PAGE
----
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Q. Dahlias that I planted in the spring have grown very well and are still flowering. For next year, I am wondering whether it is advisable to prune them back early in the season, hopefully to induce the formation of stockier, bushier plants rather than tall, less leafy ones.
A. To encourage side growth and a bushy plant, pinch or cut out the centre growing tip when a plant is between 30 cm and 40 cm tall.
Dahlia growers who want the largest possible dahlia blooms for display do the opposite. They let the centre stem develop and remove flower buds on side growth. Plants pruned back for bushiness will yield more but smaller flowers.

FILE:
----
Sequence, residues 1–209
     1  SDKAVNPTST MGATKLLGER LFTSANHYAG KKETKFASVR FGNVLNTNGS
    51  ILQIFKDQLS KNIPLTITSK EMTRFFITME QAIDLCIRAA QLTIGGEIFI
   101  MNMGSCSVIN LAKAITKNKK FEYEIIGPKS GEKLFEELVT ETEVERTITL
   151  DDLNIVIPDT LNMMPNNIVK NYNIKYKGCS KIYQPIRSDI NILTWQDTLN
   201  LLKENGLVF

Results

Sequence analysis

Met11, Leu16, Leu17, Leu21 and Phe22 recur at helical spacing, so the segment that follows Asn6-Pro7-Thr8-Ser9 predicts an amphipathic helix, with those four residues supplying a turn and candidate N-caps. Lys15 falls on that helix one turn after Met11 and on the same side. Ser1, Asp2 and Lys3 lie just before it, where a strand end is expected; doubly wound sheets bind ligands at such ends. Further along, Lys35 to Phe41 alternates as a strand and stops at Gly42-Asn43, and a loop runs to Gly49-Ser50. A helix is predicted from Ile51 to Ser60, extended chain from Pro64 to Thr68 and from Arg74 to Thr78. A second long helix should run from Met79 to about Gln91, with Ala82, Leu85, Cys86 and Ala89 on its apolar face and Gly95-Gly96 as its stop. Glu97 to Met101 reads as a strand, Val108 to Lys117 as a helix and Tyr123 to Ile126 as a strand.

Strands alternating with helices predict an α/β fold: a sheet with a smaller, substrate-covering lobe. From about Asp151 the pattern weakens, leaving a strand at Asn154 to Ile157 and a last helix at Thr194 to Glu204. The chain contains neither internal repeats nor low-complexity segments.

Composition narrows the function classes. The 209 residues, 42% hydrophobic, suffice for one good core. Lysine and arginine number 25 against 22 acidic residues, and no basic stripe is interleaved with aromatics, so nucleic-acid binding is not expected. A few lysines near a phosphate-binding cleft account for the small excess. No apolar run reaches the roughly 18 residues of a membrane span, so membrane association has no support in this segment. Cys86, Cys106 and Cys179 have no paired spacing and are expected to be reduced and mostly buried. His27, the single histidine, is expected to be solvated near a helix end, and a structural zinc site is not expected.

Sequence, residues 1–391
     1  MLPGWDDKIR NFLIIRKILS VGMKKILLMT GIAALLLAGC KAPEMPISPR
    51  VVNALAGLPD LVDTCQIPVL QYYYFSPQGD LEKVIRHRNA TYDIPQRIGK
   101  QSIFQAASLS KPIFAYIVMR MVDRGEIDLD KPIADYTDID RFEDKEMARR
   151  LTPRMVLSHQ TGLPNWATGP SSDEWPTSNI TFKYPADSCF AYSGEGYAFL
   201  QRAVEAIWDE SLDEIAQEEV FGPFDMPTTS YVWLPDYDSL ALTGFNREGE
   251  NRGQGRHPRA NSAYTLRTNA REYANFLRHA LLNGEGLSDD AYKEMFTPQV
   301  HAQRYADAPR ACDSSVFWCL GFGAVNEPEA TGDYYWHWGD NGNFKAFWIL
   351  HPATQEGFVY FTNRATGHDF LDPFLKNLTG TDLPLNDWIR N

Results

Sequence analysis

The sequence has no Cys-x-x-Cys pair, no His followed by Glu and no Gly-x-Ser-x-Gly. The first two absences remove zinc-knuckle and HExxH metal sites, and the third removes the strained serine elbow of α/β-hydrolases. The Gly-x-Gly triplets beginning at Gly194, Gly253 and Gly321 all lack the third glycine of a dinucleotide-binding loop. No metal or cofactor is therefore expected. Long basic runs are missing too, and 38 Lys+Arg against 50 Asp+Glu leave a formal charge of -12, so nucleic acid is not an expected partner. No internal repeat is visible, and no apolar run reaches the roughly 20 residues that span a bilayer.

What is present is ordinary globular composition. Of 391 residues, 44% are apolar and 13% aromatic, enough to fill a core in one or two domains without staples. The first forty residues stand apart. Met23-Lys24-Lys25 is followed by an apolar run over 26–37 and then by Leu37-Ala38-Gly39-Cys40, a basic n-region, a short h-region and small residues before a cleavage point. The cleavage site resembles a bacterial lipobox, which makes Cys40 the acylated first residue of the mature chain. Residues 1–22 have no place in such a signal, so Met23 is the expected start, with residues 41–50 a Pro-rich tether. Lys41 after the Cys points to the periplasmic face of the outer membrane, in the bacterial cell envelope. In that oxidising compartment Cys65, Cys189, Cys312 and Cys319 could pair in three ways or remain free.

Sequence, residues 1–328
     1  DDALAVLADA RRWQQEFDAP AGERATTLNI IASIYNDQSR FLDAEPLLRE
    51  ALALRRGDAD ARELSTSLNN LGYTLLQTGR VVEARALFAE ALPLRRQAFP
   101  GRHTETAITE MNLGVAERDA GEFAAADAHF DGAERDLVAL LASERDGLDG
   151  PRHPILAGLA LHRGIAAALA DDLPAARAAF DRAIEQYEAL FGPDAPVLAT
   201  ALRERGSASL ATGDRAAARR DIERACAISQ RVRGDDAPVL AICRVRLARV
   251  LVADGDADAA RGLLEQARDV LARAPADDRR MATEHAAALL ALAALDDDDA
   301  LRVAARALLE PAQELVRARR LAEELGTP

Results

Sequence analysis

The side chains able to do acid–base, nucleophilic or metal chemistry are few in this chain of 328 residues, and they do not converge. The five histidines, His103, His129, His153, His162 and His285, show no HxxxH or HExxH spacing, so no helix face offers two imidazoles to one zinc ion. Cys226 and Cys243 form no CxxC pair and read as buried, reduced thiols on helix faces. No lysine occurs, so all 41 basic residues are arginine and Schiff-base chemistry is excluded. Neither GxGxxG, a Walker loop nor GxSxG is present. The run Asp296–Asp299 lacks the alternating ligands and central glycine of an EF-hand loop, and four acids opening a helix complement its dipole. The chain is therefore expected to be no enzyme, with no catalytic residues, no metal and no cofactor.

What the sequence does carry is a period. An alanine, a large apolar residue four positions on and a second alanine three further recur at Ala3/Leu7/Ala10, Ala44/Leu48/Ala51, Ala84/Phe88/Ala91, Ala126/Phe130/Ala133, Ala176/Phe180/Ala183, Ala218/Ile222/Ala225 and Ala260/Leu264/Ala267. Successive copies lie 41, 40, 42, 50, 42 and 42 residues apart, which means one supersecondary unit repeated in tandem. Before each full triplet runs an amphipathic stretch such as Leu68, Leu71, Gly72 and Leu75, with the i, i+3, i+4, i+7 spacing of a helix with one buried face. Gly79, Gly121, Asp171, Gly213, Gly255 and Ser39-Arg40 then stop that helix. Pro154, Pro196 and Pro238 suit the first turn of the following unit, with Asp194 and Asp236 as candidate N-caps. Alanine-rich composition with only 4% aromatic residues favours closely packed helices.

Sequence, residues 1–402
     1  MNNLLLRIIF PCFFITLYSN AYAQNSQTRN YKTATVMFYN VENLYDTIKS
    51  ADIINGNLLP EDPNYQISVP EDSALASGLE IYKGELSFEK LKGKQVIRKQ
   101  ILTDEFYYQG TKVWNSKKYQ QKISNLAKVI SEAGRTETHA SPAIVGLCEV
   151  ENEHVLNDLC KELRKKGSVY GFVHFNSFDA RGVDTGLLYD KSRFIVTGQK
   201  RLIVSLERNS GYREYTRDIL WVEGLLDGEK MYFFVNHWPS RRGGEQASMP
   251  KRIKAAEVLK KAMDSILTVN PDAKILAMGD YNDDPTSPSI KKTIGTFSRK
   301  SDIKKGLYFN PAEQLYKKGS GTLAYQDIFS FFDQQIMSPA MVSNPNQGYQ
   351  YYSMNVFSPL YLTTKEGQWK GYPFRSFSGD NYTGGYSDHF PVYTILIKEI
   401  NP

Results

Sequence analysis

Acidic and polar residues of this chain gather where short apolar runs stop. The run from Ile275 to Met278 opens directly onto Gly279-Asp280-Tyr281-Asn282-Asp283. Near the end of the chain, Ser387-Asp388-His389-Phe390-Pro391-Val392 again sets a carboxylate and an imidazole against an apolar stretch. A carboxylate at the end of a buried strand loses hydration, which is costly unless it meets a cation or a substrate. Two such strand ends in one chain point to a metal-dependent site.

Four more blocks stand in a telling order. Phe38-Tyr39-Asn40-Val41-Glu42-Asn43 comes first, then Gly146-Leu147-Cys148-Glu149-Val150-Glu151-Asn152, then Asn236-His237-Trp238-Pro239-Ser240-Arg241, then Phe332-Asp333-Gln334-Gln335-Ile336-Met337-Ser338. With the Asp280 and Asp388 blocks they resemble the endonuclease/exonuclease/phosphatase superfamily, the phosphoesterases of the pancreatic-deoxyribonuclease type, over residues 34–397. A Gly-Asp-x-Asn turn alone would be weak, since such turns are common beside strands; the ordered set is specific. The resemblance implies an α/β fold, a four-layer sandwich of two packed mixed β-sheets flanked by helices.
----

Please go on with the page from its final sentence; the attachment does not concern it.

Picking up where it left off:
Q. In our family eggs are a favourite food. We purchase fresh, high quality eggs from a local farm. We are also keen gardeners. Can the egg shells be used in the garden? Can they be composted?
A. Egg shells are a good source of calcium and other nutrients that plants need. I have a longstanding habit of putting the shells in a container near my stove top, and letting each layer of shells dry completely before crushing them lightly (not into a powder), making room for more shells.
When the container, usually a large size yoghurt tub, is full of crushed shells, I put it somewhere warm to dry further. Then I place a lid on the container and store it in a dry, cool place.
The crushed, dried shells can be added to a compost heap, in modest amounts at a time, but I prefer to use them directly in the garden, to create a sharp-edged deterrent to slugs around lettuce transplants. As the season progresses, and the lettuces are harvested, the shells meld into the soil in a sort of on-site composting.
Making sure that egg shells are thoroughly dry before garden use makes them easy and pleasant to handle. And they are less likely to attract animals.
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